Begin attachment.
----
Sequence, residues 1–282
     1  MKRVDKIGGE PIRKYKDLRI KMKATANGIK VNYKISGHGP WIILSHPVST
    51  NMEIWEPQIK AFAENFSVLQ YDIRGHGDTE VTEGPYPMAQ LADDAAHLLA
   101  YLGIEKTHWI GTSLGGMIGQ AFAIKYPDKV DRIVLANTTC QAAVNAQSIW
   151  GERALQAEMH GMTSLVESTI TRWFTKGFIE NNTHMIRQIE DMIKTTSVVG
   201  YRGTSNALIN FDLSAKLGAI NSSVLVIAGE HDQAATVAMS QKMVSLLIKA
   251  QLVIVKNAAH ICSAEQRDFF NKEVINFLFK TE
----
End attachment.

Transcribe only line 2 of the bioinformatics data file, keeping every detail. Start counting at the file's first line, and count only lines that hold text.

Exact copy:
     1  MKRVDKIGGE PIRKYKDLRI KMKATANGIK VNYKISGHGP WIILSHPVST